Touch faces an­other road­block: it won’t be in the box when Ocu­lus ships in the first quar­ter of 2016. Quizzed about the de­ci­sion to sell Touch separately, Ocu­lus VP of prod­uct Nate Mitchell con­cedes that there are is­sues. “It’s a hard de­ci­sion. There are a lot of trade­offs,” he says. “Price will be the big­gest bar­rier to en­try. I think con­tent will be num­ber two. I think in the be­gin­ning of Touch you’re go­ing to see mostly in­die games from de­vel­op­ers who can af­ford to take a risk, who be­lieve, who want it out there.”

But Mitchell lists plenty of rea­sons why launch­ing the Rift head­set be­fore the Touch com­po­nent is ready is the right move. As he notes, an af­ford­able price tag will be key to Ocu­lus’s chances of suc­cess at launch. In ad­di­tion, not many Touch-ded­i­cated games ex­ist right now, but there are many gamepad ti­tles in devel­op­ment, and they will be avail­able to ship be­fore the Touch hard­ware is com­pletely fi­nalised. “Start­ing the ecosys­tem as soon as pos­si­ble on the Rift side is re­ally im­por­tant,” Mitchell says.

There are al­ready in­ter­est­ing, fun VR games com­ing to Rift that are playable with an Xbox One con­troller, which will be packed in the box, but it’s hard to over­state just how much more im­mer­sive VR is when your hands feel per­fectly cap­tured in the vir­tual world. In mo­ments where we’ve felt true ‘pres­ence’ — Ocu­lus’s favoured word for your brain truly buy­ing into your vir­tual sur­round­ings — the usual in­stinct is to reach out and touch some­thing. Nor­mally, we can’t do that, but Touch changes the rules, and the dif­fer­ence is gen­uinely pro­found.

Ocu­lus’s big­gest in-house re­veal at Con­nect was a sculpt­ing ap­pli­ca­tion named Medium, which al­lows you to build and paint in VR us­ing the Touch con­trollers. It’s a sur­pris­ingly fun, pow­er­ful toolset, even for some­one with­out much artis­tic skill. The sim­plic­ity of the tools is invit­ing and al­lows for quick switch­ing be­tween cre­at­ing or eras­ing mass, chang­ing the size of your ‘brush’, smooth­ing out rough pieces, and paint­ing onto the sculpt­ing sur­face. More ad­vanced tools let you sculpt along a mir­rored sur­face to cre­ate sym­me­try. An­other mir­rors a pot­tery wheel, let­ting you add sculp­ture ma­te­rial as your cre­ation spins through 360 de­grees.

Sculpt­ing in Medium makes you aware of the Touch sen­sor’s lim­i­ta­tions. In­stead of walk­ing around an ob­ject, it’s eas­ier to ro­tate it in space; walk­ing is likely to move you out of the sen­sor’s field of view, and putting your back to the sen­sor breaks track­ing with the Touch con­trollers.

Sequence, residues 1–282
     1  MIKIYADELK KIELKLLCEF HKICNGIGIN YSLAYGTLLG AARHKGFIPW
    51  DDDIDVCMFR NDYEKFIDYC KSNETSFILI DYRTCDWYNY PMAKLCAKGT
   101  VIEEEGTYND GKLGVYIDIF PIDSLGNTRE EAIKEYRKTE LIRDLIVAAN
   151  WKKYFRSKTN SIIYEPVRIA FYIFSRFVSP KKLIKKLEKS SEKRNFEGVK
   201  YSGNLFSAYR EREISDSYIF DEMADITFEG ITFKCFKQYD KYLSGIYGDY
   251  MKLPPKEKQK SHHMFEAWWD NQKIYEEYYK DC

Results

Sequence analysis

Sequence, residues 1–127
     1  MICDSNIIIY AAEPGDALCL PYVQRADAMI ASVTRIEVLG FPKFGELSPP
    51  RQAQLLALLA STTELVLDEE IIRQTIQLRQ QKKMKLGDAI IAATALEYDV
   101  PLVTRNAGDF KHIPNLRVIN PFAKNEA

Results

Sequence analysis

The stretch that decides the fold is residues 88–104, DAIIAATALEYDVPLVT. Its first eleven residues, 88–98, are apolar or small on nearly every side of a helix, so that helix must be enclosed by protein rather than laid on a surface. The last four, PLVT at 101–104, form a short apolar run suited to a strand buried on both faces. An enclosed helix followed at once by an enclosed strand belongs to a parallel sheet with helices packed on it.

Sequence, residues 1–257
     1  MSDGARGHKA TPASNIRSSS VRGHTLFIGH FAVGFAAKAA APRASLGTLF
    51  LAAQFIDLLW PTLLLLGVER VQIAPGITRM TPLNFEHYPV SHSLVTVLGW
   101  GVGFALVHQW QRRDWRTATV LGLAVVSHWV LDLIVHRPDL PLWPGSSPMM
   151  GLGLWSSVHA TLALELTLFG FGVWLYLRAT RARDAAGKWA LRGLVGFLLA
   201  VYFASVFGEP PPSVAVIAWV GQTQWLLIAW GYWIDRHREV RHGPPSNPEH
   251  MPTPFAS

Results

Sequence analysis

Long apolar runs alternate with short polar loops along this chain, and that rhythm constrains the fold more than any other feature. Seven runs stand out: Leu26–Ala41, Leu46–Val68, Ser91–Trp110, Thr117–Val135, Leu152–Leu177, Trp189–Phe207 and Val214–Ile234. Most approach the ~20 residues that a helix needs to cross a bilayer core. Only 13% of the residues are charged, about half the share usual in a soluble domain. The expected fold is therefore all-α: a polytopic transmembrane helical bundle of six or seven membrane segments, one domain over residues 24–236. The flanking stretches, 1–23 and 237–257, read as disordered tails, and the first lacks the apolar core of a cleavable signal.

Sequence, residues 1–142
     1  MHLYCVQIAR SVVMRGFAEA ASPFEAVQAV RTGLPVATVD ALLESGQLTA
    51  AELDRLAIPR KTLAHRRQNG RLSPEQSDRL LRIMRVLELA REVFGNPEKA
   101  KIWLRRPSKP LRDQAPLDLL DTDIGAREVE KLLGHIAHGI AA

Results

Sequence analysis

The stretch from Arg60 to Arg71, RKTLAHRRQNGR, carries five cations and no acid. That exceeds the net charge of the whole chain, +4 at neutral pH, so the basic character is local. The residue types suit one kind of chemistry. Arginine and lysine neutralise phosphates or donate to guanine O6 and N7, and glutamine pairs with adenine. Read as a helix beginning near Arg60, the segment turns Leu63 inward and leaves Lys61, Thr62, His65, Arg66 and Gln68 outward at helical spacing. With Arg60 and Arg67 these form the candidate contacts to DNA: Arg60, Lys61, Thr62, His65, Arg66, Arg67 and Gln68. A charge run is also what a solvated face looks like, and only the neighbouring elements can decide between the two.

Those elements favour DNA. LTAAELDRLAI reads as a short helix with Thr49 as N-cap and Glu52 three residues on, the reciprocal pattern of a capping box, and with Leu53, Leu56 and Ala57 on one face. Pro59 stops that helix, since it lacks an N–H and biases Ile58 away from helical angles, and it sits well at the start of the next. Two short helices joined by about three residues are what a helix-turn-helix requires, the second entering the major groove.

Even so, Medium demon­strates a cer­tain amount of VR’s po­ten­tial out­side of games. Ocu­lus says that mod­els will be ex­portable from the ap­pli­ca­tion, which may make it a prac­ti­cal pro­to­typ­ing tool for artists with real 3D mod­el­ling chops.

The best thing about the demo is shar­ing it with an­other hu­man be­ing: an Ocu­lus en­gi­neer talks us through our art les­son, her translu­cent avatar head and hands floating in vir­tual space near ours. The so­cial im­pli­ca­tions are clear, and it’s no co­in­ci­dence that multi-user fea­tures show up more than a few times dur­ing Con­nect 2, par­tic­u­larly in apps such as Twitch and Net­flix for GearVR, the $100 Sam­sung-made unit that will bring VR to Galaxy S6 and Note 5 phones.

As with Rift, the fo­cus for GearVR at Ocu­lus Con­nect 2 was mostly on con­tent rather than the tech­nol­ogy, show­ing video apps and vin­tage games playable in VR. Watch­ing a Twitch stream and seeing and hear­ing the avatars of other peo­ple sit­ting in a vir­tual room with you proves sur­pris­ingly fun, but is it fun enough to see you strap­ping a smart­phone to your head for ex­tended pe­ri­ods of time?

That ques­tion has been ap­pli­ca­ble in a broad sense since VR reemerged in 2012. Is strap­ping on a head­set to play games a truly mass­mar­ket prospect? Will the ex­pe­ri­ence be worth it? The thou­sand de­vel­op­ers who con­gre­gated at Ocu­lus Con­nect 2 cer­tainly think so, and the num­ber of games they’re cre­at­ing for the launch of Ocu­lus Rift next year will at least give it a fight­ing chance.

It’ll be their job to con­vert the faith­less when Rift is fi­nally re­leased. Then again, maybe they won’t have to work very hard. “I’ve never met a scep­tic of VR who has tried it,” Epic Games founder and CEO Tim Sweeney told tech web­site Re/Code dur­ing Con­nect. Strap enough Rifts onto enough heads, and con­sumer VR may be off and run­ning.

“It’s a hard de­ci­sion. There are a lot of trade-offs. Price will be the big­gest bar­rier to en­try”

The Touch con­troller is still be­ing fine-tuned, but it is a pow­er­ful part of the over­all Ocu­lus Rift propo­si­tion

Henry is Ocu­lus Story Stu­dio’s sec­ond film. The divi­sion’s char­ac­ter lead, Bern­hard Haux, pre­vi­ously held a sim­i­lar role at Pixar

The VR-pow­ered sculpt­ing tool Medium in ac­tion (above). At Ocu­lus Con­nect 2, John Car­mack (right) put his fo­cus on the games, not the hard­ware

Rift hard­ware still has no of­fi­cial price, although Ocu­lus’s Palmer Luckey ex­pects it to ex­ceed $350

Epic’s Tim Sweeney be­lieves that VR is an easy sell – once po­ten­tial con­sumers get to ac­tu­ally try it